Openness must govern government, Sen. Cornyn says
ARLINGTON, Va. — “In a healthy democracy, we the people need to know the good, the bad and the ugly.” That was the assessment of Sen. John Cornyn, R-Texas, as he addressed the 2005 National Freedom of Information Day Conference.
“Congress and the Courts: Confronting Secrecy” was the theme of this year’s conference, held as usual on James Madison’s birth date.
The conference brought together access advocates, government officials, lawyers, librarians, journalists, educators and others to discuss the latest issues and developments in freedom of information. It was sponsored by the First Amendment Center, in cooperation with the American Library Association.
The FOI Day Conference came midway through Sunshine Week, an initiative by news media and other organizations to create a public dialogue on the value of open government, which began March 13.
Cornyn, an ardent open-government advocate since his time as Texas attorney general, gave the day’s keynote address, “FOI and the Consent of the Governed.” In his speech, Cornyn emphasized the importance of citizens’ knowing what is going on in their government.
Transparency and openness uphold “the basic premise of our self-governed democracy that no government rules without consent of the governed,” he said. “When we’re talking about consent of the governed … we’re talking about informed consent. And informed consent is impossible without both a free and responsible press and open and accessible government.”
Many federal officials share his commitment to government openness, Cornyn said. One such official, he said, is Attorney General Alberto Gonzales, a fellow Texan and former state official familiar with Texas’ well-established open-government laws. Gonzales affirmed his commitment to openness during his confirmation hearing, Cornyn said, when asked if he would be willing to work with Cornyn on the issue.
The day before the conference, Cornyn chaired a Senate Judiciary subcommittee hearing on the OPEN Government Act — the first such FOIA oversight hearing since 1992, Cornyn said.
The OPEN Government Act, Cornyn said, is designed to “strengthen the FOIA and close loopholes”; “help requesters receive timely responses”; “ensure that agencies have strong incentives to act on requests in a timely fashion”; and provide officials responsible for responding to FOIA requests “with all the tools they need to ensure that government remains open and accessible.”
“As a whole the OPEN Government Act reiterates the principle that government is based on not the need to know, but on our fundamental right to know as the American people,” he said.
Cornyn went on to say that the Faster FOIA Act (which the Senate Judiciary Committee today voted unanimously to send to the full Senate) would create a commission to recommend ways for reducing delays in responding to FOIA requests.
“By reforming our information policies to guarantee true access to all our citizens to government records, we will revitalize the informed consent that keeps America free,” he said.
Later in the day, representatives from Cornyn’s and Leahy’s offices joined other panelists to talk about the two bills in greater detail during the discussion “Stirrings in Congress: Strengthening Access.” Panelists also discussed the Restore FOIA Act, which Leahy introduced in the Senate on March 15, and the Restore Open Government Act, which Rep. Henry Waxman introduced in the House during the last session and plans to reintroduce in the current session.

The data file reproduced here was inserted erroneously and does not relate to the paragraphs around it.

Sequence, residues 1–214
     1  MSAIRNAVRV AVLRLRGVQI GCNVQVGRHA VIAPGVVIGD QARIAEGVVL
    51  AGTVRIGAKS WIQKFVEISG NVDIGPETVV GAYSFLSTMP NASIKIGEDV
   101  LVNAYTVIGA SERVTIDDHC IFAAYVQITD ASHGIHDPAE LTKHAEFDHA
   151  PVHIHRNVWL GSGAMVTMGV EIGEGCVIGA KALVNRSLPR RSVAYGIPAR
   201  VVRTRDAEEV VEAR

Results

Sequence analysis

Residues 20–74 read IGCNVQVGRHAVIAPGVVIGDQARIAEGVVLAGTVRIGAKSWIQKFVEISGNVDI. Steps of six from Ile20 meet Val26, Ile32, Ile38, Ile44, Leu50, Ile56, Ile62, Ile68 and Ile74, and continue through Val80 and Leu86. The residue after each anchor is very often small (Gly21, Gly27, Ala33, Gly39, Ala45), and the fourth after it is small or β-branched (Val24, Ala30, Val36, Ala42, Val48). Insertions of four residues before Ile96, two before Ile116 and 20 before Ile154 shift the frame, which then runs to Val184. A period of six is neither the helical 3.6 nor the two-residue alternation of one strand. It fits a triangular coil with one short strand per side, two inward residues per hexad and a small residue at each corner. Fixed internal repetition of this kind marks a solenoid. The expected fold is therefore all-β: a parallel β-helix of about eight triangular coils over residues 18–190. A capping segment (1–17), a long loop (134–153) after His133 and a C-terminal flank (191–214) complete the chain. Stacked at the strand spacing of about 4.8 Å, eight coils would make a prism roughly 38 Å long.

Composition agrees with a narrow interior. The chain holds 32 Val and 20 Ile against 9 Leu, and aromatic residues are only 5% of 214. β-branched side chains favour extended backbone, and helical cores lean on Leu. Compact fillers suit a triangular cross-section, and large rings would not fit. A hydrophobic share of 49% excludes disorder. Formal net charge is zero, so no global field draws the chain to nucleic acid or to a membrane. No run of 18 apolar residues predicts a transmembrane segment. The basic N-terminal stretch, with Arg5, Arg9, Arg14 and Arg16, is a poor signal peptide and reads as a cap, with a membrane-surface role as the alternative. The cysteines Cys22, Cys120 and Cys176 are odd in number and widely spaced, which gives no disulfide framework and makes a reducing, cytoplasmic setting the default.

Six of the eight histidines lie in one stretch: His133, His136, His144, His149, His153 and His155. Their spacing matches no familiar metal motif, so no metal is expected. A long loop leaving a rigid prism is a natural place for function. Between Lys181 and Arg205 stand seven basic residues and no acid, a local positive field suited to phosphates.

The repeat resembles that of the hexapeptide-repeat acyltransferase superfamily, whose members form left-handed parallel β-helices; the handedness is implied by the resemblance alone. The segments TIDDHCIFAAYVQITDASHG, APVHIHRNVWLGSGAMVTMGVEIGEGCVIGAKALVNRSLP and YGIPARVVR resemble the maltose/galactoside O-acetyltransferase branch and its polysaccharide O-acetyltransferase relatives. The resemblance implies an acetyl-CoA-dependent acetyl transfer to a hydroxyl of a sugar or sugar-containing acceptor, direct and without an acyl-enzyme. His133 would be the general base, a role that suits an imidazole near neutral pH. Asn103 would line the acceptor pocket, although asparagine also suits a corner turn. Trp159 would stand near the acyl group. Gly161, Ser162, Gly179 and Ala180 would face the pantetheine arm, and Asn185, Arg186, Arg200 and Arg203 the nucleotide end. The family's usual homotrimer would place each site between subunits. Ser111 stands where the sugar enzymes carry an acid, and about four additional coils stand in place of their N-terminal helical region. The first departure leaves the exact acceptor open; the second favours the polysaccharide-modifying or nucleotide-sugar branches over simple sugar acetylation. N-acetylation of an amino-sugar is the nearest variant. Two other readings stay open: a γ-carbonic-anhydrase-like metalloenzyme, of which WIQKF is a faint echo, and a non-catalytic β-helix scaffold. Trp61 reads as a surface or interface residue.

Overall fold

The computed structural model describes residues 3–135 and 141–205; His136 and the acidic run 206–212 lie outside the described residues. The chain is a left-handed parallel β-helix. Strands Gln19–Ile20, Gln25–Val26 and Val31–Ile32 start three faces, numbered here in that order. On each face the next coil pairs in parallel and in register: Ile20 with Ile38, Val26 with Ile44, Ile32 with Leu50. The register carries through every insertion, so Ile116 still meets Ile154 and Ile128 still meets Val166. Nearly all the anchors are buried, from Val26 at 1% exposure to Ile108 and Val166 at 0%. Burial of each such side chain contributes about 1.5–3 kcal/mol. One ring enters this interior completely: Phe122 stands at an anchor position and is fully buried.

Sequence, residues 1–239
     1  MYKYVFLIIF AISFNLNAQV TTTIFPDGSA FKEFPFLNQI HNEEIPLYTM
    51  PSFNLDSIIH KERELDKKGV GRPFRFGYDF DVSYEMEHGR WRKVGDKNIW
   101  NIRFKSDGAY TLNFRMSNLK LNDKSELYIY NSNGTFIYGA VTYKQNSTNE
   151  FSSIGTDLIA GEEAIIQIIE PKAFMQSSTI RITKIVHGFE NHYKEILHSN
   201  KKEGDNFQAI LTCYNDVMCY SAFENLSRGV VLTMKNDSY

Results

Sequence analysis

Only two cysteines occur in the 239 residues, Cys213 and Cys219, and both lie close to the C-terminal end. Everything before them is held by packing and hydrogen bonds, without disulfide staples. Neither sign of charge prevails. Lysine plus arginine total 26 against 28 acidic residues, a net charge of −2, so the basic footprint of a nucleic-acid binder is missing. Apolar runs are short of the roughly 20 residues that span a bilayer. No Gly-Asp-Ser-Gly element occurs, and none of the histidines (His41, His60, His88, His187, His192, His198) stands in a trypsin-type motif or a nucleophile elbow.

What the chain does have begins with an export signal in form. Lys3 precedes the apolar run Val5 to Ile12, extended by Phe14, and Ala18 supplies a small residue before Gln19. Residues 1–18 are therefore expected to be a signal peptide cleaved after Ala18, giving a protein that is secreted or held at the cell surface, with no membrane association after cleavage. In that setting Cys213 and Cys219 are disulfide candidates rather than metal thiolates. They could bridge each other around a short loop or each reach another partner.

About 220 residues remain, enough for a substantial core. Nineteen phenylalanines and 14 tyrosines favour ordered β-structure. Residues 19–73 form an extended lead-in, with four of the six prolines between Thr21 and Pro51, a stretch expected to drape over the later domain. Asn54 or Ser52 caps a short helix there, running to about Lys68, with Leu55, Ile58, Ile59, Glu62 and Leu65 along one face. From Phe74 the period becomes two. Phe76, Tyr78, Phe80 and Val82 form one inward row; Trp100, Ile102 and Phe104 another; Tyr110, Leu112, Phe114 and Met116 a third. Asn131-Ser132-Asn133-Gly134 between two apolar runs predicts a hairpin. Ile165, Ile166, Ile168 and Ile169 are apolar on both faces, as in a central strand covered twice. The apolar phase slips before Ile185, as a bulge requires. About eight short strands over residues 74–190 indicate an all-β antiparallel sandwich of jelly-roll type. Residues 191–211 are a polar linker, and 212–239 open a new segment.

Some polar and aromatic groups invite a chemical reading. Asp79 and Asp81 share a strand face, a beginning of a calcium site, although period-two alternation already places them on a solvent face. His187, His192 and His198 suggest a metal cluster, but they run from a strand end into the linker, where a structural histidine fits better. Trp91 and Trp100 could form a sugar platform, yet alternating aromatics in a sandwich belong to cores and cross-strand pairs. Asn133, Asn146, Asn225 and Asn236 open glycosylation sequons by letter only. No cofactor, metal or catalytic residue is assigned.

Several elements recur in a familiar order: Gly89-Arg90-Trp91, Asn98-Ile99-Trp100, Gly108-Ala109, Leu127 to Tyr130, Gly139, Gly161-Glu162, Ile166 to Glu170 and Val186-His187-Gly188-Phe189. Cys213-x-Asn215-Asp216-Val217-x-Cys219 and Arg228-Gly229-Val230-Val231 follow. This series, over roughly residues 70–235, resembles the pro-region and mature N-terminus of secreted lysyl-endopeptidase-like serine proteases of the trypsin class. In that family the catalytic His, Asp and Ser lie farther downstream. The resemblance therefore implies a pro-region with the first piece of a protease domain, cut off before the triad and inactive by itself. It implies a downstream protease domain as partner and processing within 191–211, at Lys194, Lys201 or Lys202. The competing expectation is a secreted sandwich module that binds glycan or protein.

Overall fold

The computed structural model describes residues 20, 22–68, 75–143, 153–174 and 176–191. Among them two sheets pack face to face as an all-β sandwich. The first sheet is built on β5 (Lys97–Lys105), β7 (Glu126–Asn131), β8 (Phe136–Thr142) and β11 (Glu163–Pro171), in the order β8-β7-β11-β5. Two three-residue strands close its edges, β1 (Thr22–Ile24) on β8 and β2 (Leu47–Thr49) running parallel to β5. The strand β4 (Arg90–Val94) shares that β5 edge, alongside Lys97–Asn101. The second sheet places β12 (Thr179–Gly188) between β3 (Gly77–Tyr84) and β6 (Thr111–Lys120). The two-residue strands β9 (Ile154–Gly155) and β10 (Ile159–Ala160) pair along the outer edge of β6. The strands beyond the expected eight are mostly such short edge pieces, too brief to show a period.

Encouraged by the flurry of legislative action, moderator Pete Weitzel, of the Coalition of Journalists for Open Government, referred to the panel as the “good news panel.”
Panelist Tara Magner shared Weitzel’s sentiment.
“Two years ago, I would speak at FOIA events, and it was doom and gloom,” said Magner, counsel on the Senate Judiciary Committee, where she works for Leahy. “A year ago, I got tired of doing that, and I looked for anything positive to say. But I think this year we have a lot of positive things to say. We have bipartisan bills starting to move through Congress. … In addition to legislative movement, we have a greater awareness among conservatives and liberals that secrecy is dangerous, it’s costly.”
Other topics discussed during the day were access to online court records and access and the courts.
Also during the conference, the Minnesota Coalition on Government Information received the Eileen Cooke Award and Greg Schmidt of LIN Television Corp. accepted the James Madison Award on behalf of his father, the late Richard Schmidt. Both awards were presented by the ALA.
At the end of the day, conference organizer and First Amendment Center Ombudsman Paul McMasters gave attendees the charge to continue fighting for openness.
“We live in dangerous times,” McMasters said. Ordinary citizens “know that something’s not right when they can’t find out about the dangers around them. They know that something’s not right when their local elected officials are forced to enter into secrecy agreements with federal officials for the rationale of protecting the homeland that in essence puts them in direct conflict with their own constituencies.
“When we reach that point, we have to do a solemn examination of where we are and what we’re doing and how we can work together to make sure that an open society surely is open.”